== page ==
In his 2008 book The Big Switch, Nicholas Carr draws lots of comparisons between electricity and information technology. When the United States began generating electricity, it came from a thousand sources and there was no electricity-sharing grid. Worse, different power sources were generating different kinds of power, with varying voltages, amperages, and protocols (think direct current versus alternating current).
Eventually, through the rough-and-tumble of capitalism and some heavy-handed government meddling, the country converged on a single power system for the public electricity grid, and a variety of other industry standards governing electrical use in everything from cars to lithium batteries. That process took a few decades. To this day, as lightning strikes prove, electric devices are at risk from variations in that system. A whole network of uninterruptible power supplies—more ubiquitous than you might realize—now has to supplement the system.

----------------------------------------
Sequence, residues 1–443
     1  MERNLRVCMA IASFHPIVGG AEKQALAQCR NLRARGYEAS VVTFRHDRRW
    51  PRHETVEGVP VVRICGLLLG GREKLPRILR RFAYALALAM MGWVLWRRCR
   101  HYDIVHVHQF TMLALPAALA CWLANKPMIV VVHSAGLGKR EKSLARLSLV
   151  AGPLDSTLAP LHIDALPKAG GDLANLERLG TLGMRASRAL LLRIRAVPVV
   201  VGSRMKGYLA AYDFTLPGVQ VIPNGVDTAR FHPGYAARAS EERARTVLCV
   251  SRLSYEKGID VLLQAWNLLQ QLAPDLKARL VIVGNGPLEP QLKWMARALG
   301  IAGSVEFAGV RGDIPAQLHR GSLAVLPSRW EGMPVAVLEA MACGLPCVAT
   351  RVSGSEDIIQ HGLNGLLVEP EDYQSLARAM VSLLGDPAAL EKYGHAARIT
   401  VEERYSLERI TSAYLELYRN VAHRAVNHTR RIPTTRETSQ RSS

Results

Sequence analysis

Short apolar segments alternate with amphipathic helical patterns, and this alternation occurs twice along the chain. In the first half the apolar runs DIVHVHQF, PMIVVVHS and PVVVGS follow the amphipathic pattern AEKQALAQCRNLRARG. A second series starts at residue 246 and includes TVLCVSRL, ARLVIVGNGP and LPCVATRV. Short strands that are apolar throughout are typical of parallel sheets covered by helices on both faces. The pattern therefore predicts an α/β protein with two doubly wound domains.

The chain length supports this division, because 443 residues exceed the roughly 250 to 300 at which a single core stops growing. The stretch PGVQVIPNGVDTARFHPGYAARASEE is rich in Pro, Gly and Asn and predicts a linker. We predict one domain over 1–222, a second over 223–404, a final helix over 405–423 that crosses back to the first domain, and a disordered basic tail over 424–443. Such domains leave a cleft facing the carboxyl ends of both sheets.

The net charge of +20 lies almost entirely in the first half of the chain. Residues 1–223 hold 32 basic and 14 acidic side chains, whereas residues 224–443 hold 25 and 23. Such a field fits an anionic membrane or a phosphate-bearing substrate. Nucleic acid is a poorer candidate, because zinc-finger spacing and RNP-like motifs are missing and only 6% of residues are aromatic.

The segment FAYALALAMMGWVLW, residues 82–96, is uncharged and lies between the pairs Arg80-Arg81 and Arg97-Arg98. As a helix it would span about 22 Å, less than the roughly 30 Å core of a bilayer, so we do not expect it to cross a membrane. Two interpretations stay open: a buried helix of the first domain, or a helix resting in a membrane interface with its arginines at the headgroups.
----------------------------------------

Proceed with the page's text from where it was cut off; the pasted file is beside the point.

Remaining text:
The process of standardizing and safeguarding information will probably end up taking longer. The inputs are all over the place. The outputs can be wildly different from each other. That much parallels the story of industrialized electricity.